Practical Spirituality: The Law of Encouragement

Barnabas curing the poor by Paolo Veronese, Mu...
Barnabas curing the poor by Paolo Veronese, Musée des Beaux-Arts de Rouen. (Photo credit: Wikipedia)

Mick Turner

Although rarely covered in articles on spiritual laws and principles, one of the most beneficial and useful principles is “The Law of Encouragement.” Briefly stated, the Law of Encouragement implies that those behaviors that a person performs that receive positive encouragement from important people are likely to increase in frequency. This is just basic common sense if you think about it.

The problem often arises, however, when a person does the right thing but rarely gets positive feedback for his or her actions. No, this doesn’t mean we need to be praised each time we do something good. However, it does imply that we at least like to have our efforts recognized from time to time. The point is that encouragement is a vital component of spiritual development. Without positive encouragement our dedication to the process of becoming the best that we can be is likely to wane.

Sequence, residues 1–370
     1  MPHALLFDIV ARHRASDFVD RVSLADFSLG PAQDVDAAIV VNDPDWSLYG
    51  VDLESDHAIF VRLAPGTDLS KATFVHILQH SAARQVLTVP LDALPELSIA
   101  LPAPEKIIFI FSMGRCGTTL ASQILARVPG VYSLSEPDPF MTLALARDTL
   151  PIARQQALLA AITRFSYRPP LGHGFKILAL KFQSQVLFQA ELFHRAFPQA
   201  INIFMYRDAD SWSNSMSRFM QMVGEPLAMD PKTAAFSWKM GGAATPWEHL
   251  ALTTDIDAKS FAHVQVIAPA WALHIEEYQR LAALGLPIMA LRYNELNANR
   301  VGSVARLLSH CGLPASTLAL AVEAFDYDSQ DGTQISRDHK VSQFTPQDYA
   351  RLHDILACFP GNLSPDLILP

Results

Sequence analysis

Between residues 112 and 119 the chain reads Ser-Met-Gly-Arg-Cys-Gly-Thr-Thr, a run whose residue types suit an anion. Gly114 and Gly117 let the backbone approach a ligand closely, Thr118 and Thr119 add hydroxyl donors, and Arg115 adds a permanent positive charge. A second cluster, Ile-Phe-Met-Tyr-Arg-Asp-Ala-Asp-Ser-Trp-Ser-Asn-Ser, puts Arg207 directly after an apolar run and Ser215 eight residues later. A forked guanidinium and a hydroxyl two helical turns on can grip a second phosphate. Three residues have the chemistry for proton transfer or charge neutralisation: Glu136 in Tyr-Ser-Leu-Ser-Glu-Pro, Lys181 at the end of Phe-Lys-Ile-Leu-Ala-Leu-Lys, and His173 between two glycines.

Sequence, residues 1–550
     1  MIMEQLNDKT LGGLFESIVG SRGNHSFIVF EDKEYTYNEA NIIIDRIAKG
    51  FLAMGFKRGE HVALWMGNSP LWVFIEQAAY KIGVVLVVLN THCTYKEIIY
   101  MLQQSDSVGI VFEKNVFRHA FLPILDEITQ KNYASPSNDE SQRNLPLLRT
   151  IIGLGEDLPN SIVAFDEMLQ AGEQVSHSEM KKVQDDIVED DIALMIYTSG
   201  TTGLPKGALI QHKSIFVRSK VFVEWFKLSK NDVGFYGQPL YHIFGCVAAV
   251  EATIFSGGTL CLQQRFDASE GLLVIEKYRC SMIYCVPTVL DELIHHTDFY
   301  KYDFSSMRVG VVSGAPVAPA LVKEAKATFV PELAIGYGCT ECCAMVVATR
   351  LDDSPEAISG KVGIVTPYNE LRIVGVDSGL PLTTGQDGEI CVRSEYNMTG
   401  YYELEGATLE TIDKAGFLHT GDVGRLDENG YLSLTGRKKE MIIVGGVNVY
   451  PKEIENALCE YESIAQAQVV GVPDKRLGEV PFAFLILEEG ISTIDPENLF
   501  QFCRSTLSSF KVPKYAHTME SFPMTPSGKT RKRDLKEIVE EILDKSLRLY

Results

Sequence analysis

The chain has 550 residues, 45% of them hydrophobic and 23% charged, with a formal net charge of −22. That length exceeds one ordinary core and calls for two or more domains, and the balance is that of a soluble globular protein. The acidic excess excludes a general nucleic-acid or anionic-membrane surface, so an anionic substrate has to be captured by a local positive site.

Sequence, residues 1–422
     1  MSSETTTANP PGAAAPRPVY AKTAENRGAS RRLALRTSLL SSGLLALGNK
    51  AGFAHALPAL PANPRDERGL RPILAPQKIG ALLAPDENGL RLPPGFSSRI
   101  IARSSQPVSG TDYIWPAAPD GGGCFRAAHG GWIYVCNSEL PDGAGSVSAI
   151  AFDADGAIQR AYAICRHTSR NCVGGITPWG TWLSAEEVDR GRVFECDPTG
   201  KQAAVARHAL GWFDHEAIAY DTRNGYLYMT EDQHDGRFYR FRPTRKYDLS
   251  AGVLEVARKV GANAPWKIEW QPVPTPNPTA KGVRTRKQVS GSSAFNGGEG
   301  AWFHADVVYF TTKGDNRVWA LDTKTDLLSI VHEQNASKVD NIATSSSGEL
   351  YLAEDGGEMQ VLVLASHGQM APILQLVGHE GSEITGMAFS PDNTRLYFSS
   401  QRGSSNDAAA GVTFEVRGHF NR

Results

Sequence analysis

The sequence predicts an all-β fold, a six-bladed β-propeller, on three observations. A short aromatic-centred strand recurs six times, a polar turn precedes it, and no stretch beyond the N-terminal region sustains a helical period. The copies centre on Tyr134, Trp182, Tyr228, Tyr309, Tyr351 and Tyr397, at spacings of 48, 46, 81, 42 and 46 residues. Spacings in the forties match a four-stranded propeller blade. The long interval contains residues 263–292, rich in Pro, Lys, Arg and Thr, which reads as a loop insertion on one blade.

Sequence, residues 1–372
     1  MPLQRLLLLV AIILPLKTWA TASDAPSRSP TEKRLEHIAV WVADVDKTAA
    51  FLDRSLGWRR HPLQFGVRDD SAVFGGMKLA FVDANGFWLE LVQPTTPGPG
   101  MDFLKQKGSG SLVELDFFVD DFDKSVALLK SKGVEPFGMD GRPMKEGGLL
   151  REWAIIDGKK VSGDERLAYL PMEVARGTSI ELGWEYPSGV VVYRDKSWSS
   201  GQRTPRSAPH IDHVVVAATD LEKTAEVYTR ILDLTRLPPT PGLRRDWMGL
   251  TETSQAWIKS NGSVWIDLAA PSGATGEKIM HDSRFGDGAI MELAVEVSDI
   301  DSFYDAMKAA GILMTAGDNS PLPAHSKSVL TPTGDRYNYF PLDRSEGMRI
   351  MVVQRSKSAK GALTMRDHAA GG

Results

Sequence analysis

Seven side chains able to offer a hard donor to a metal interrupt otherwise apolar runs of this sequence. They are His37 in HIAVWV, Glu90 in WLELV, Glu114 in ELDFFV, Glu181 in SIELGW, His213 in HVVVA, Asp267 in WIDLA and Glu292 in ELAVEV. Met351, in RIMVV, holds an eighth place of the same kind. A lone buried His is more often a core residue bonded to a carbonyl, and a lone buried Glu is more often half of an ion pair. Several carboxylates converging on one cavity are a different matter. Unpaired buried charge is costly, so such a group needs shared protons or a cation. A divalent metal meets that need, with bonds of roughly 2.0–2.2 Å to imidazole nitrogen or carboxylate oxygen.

The fact that we need encouragement highlights the importance of surrounding ourselves with positive people that are also on the path of spiritual formation. It is from such a cadre of spiritual friends that we can find the encouragement that we need.

In the early days of the Christian movement Barnabas was recognized as such a person. From scripture we know that Barnabas was often a companion to Paul and others and, although there was a rift of some sort between Paul and Barnabas later on, the Apostle still recognized Barnabas’ talents. Everyone needs a Barnabas in their Christian life, including you. Jim Graff, in his excellent book A Significant Life discusses the importance of encouragement in relation to the realization of potential: